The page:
Interest Rate Fluctuations Decrease FRT's Stock Price, But Have Little Effect on Its Outstanding Debt

  • As interest rates rise, FRT sees a decrease in its stock price as alternative investments provide greater Return on investment (ROI). This occurs because as rates rise, fixed income instruments such as bonds provide higher returns. Since investors are able to earn a higher risk-adjusted return on fixed income instruments, they shift their investment out of Federal's stock and into these fixed income products. When the number of people wishing to hold Federal's stock decreases, the stock price falls.
  • As of December 31, 2007 FRT had about $1.6B in outstanding debt, of which $1.4B was fixed rate debt.[5] Because FRT has minimal variable rate debt, it faces little risk from interest rate shifts on its existing debt. However, rising interest rates make it more costly for FRT to issue more debt, as they will have to provide a higher return. Since FRT relies on new debt to fund its expansion, higher interest rates are an obstacle to the firm's growth.

U.S. Economic Cycles Might Lead To Decreased Revenues

  • FRT’s properties consist primarily of retail space, making the company especially vulnerable in a general economic downturn. If consumer spending levels decline, demand for FRT’s properties will decrease as retail businesses will contract rather than expand. Slow demand lowers the rents that tenants are willing to pay for FRT's properties. This poses a significant risk as FRT has leases on 39% of its gross leasable area (GLA) expiring by 2011.[6] If, when these leases expire, FRT offered discounted rents on properties to increase occupancy levels during an economic down cycle, the effects would likely be seen over a number of years. Leases with smaller tenants usually last for at least a few years, and leases with anchor tenants (Large stores which occupy a significant portion of a property's GLA) can last much longer. If these leases were signed when rents were lower, FRT will see lower income over the life of the lease.
  • Any change in general economic conditions on a national, regional, or local scale which adversely affects FRT’s tenants will decrease the amount of base rent, expense reimbursement and overages FRT receives from its tenants, as all of these are tied to tenant performance. Furthermore, if during a down economic cycle any of FRT's tenants become insolvent, they may choose not to honor their leases.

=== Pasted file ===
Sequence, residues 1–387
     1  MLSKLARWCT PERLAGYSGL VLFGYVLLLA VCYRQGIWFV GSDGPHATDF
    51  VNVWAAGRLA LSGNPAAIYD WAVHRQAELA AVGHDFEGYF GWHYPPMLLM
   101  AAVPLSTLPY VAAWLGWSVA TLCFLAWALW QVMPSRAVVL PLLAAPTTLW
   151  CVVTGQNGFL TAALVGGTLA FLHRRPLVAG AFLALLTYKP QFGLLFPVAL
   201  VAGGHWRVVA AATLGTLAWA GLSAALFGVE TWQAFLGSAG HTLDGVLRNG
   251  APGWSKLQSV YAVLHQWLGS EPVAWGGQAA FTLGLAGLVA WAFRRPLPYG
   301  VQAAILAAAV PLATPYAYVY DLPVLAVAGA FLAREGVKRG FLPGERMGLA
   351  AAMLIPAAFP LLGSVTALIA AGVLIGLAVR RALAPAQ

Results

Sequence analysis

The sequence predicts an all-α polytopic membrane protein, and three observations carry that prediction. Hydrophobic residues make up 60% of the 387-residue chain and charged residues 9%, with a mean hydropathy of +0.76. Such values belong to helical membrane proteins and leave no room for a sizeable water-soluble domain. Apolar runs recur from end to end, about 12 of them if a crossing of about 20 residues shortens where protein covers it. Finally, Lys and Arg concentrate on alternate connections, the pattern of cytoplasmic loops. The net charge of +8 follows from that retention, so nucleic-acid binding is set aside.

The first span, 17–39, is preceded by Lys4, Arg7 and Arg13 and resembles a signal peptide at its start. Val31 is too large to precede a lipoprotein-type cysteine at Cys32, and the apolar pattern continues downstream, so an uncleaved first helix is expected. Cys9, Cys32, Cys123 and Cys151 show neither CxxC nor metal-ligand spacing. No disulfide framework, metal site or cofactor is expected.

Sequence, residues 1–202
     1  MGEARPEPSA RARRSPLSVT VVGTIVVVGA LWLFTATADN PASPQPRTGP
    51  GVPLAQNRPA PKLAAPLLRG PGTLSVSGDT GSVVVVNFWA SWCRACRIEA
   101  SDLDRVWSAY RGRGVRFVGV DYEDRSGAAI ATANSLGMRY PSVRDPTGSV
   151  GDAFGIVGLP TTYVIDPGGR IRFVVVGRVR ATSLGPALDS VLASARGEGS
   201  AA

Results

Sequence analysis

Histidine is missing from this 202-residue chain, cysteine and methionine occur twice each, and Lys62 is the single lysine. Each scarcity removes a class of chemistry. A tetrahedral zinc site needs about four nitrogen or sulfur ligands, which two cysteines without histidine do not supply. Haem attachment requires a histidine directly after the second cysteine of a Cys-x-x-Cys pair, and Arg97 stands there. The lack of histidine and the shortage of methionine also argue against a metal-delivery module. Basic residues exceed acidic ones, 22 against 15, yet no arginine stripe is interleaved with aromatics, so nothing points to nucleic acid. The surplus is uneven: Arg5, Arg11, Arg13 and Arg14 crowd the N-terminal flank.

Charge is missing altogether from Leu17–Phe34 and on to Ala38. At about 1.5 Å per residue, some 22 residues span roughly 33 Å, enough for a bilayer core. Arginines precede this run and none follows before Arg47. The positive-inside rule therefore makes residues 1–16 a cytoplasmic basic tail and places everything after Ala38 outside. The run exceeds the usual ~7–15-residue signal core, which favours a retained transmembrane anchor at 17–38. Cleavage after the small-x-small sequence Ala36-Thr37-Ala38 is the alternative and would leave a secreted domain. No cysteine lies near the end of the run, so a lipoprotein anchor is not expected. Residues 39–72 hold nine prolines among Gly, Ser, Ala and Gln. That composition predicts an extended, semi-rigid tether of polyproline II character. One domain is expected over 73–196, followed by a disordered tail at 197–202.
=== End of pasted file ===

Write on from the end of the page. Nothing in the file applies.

• By diversifying its tenant base, FRT is insulated against the risk that a single tenant leaving its properties would leave the company insolvent. As of December 31, 2007 no single tenant accounted for more than 2.5% of base rent.[7]

Increasing Competition From Discount Stores Could Adversely Affect Anchor Tenant's Ability to Meet Lease Obligations

  • FRT operates neighborhood and community shopping centers, which are facing increasing risk from outlet stores, discount stores, and other retailers(Wal*Mart's Impact). As these competitors gain market share, it could adversely impact the ability of FRT’s tenants to pay rent, and decrease FRT’s collections of base rents, expense reimbursements and overages.
  • Currently only 5% of FRT's properties have a Wal-Mart operating in the same area.[8] However, Walmart is currently developing a new, smaller, grocery based store aimed specifically at the kind of affluent areas where FRT operates its properties.[9] If Wal-Mart Stores (WMT) were to enter these markets it could have adverse consequences for FRT's anchor tenants. FRT's anchors, which focus on consumer staples, compete directly with these Wal-Mart Stores (WMT).
  • Anchor tenants commonly occupy a large percentage of gross leasable area and pay a substantial portion of base rent at FRT's properties. In addition, they bring foot traffic to the property benefiting smaller tenants. Should an anchor tenant cancel their lease or become insolvent, not only would FRT lose the base rent, overages, and expense reimbursements, but its smaller tenants would suffer from the decreased foot traffic. Leases for smaller tenants in a retail center often contain clauses allowing for lease terminations or rent reductions if an anchor tenant leaves the property.[10] If an anchor tenant left the property, smaller tenants may choose to simply cancel their leases rather than wait for FRT to locate a new anchor.